CHA connects residents to employers, education and training programs - Metropolitan Planning Council

Skip to main content

CHA connects residents to employers, education and training programs

More than 8,000 job placements since Plan began

The Metropolitan Planning Council (MPC) hosted its 9th “Building Successful Mixed-Income Communities” forum on December 12, 2006, co-sponsored by the John D. and Catherine T. MacArthur Foundation and in coordination with the Chicago Housing Authority (CHA). Attracting over 100 people and featuring a national expert and several local policymakers and practitioners, the forum re-examined the issue of jobs, training and workforce development for CHA residents that was first featured in the July 2005 forum. MPC also released the executive summary of its December 2006 Update on the CHA Plan for Transformation , which outlines the new Workforce Development Initiative launched by CHA, the Partnership for New Communities (PNC), Chicago Dept. of Human Services (CDHS), and Mayor’s Office of Workforce Development (MOWD). 

Julia Stasch, vice president of the MacArthur Foundation’s program on human and community development, welcomed attendees, and Commissioner David Hanson of the Mayor’s Office of Workforce Development, and Meghan Harte, CHA managing director of resident services, made opening remarks. Maria Hibbs , executive director of the Partnership for New Communities and MPC Housing Committee member, moderated the panel of:

Julia Stasch, MacArthur Foundation

Stasch reiterated the progress of CHA’s Plan for Transformation thus far and the role of the “Building Successful Mixed-Income Communities” forums in helping city providers work together for community revitalization. She stressed the importance of workforce development for the success of the Plan and stated the MacArthur Foundation has contributed more than $50 million to the effort.

Hibbs emphasized that improving the economic success of CHA residents is important for the sustainability of the new mixed-income communities. Employment is the threshold condition that residents must meet to live in these communities, which in turn affects their occupancy levels and stability. The challenge is assisting residents with multiple employment barriers meet that threshold and experience the benefits of having a job.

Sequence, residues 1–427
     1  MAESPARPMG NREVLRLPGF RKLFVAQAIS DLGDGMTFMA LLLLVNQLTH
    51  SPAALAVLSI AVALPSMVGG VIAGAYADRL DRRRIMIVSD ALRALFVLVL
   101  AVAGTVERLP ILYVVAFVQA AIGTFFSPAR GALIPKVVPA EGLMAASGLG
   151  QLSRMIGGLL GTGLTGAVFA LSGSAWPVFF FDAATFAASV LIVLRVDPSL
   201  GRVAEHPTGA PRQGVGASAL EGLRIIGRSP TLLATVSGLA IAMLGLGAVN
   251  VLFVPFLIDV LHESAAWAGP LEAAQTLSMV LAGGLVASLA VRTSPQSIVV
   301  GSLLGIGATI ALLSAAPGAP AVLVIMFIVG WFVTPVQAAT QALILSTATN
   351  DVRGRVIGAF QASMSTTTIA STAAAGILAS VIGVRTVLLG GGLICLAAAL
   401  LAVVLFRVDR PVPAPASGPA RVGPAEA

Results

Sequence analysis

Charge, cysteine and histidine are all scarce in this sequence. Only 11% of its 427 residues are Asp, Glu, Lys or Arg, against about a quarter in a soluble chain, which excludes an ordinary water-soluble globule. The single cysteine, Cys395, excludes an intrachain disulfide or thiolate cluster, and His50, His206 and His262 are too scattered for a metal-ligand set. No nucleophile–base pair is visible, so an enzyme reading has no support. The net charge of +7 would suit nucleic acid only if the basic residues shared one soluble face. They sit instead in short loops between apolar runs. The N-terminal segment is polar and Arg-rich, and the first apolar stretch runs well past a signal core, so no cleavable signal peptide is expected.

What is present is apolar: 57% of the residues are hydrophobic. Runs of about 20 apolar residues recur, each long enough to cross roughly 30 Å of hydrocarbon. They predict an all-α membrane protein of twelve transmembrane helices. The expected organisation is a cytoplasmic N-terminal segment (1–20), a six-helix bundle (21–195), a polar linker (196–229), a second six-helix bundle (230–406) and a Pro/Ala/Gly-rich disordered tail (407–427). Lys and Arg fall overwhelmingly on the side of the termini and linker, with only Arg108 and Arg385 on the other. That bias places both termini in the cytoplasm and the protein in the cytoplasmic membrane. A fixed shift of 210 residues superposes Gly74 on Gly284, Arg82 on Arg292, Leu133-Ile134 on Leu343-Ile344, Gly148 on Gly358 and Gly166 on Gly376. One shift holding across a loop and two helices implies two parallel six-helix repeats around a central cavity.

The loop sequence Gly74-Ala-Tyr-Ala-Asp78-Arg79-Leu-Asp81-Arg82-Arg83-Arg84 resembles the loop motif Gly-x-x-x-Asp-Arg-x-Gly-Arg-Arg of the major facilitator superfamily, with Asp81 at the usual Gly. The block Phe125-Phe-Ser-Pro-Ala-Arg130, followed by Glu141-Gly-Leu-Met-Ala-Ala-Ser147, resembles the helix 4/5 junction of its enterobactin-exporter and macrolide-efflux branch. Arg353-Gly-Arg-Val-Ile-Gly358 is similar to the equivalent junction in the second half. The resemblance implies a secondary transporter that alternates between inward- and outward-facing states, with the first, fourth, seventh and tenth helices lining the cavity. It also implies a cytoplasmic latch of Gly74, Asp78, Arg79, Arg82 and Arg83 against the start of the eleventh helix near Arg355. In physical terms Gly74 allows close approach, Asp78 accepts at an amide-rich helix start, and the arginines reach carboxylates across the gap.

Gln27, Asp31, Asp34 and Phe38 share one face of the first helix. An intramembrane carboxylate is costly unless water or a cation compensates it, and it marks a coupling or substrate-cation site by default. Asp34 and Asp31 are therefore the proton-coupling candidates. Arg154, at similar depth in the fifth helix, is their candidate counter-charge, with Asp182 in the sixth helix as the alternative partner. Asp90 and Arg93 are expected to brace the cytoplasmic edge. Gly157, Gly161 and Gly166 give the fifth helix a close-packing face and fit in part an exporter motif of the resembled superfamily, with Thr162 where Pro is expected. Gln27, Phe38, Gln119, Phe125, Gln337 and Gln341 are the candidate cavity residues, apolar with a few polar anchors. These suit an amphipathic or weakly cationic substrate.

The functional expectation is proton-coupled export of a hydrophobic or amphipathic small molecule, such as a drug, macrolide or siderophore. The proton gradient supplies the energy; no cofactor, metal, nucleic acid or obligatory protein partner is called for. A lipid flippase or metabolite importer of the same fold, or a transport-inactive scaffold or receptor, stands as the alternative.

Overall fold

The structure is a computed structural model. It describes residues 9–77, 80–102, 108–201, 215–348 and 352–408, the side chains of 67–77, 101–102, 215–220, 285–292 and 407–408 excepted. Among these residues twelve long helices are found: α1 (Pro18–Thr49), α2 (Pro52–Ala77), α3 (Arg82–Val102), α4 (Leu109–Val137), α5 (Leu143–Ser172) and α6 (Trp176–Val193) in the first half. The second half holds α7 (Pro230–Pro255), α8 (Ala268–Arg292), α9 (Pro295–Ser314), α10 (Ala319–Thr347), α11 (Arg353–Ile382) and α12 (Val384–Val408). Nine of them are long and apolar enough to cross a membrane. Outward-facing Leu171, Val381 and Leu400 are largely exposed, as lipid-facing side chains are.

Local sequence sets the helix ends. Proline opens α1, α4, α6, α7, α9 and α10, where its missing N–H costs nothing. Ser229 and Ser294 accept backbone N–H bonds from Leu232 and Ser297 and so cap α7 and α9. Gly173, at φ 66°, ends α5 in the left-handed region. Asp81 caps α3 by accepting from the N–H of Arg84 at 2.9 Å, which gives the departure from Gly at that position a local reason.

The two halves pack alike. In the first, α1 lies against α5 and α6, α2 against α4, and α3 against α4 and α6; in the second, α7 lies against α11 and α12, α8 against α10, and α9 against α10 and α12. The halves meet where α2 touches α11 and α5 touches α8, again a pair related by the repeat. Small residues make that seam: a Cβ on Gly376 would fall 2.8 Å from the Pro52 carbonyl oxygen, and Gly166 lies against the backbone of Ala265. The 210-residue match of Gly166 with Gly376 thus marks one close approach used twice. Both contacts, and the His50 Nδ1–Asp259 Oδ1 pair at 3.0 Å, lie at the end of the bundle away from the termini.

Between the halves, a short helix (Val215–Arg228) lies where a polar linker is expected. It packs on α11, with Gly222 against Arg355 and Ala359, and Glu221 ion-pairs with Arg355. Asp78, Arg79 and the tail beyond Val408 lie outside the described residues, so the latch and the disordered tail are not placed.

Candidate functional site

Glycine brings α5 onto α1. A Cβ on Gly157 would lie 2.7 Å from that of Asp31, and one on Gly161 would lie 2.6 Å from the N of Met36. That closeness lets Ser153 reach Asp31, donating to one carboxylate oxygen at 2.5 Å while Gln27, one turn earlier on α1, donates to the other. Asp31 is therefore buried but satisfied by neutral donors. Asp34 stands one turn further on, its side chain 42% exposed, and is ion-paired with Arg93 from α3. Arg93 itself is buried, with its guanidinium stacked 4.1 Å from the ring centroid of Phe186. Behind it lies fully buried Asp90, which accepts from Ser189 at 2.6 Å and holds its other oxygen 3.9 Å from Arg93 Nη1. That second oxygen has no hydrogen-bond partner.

Maria Hibbs, Parntership for New Communities

In her opening remarks, Harte briefly outlined the evolution of CHA’s workforce development efforts, which began at the beginning of the Plan in 1999, when there was little data available on the employment status and work histories of CHA residents. What started as a pilot of job placement trailers at a few sites has developed into 8,000 job placements through the Service Connector over the last six years and a new, comprehensive three-year workforce development strategy started in 2006.

Commissioner Hanson described MOWD’s commitment to integrating CHA residents into its existing employment programs and collaborating with CHA and its partners to create a “seamless system to align residents to businesses and employment.” The ongoing challenge, Hanson stated, is placing the right person in the right job.


Bob Giloth of the Annie E. Casey Foundation began by posing the question, “why should a kids’ foundation like ours be concerned about workforce development?” The answer, he said, is because “kids do better in strong families, and families do better when they live in communities that support them” on numerous levels, including adequate workforce development and job opportunities. He went on to discuss national labor force trends and concerns for the country’s workforce in the future, specifically the need to address literacy problems and integrate adult education with technical skills training.

Bob Giloth, Casey Foundation

According to Giloth, the workforce development efforts connected to the CHA Plan are categorized as “place-based strategies” aimed at targeting specific developments and neighborhoods. Given the scale of the Plan and the number of CHA residents providers are trying to reach, there are few, if any, comparable examples from around the country. He also stressed “there is no silver bullet,” thus CHA’s new strategy of customizing workforce development based on resident employment status – chronically unemployed, sporadically unemployed, consistently employed – makes sense.

Nevertheless, Giloth shared relevant insights and lessons learned from the workforce development efforts of the Casey Foundation. In particular, he outlined three specific findings from their work. First, the predictor of getting a job is whether an individual has access to human services and stable, affordable housing. Second, the predictor for 90-day job retention is access to good job training and workforce development. Third, the predictor for one-year job retention is ongoing skill development. In his experience, these results hold across all levels of job readiness. Moreover, both employee benefits and positive wage adjustments over time have a significant impact on job retention.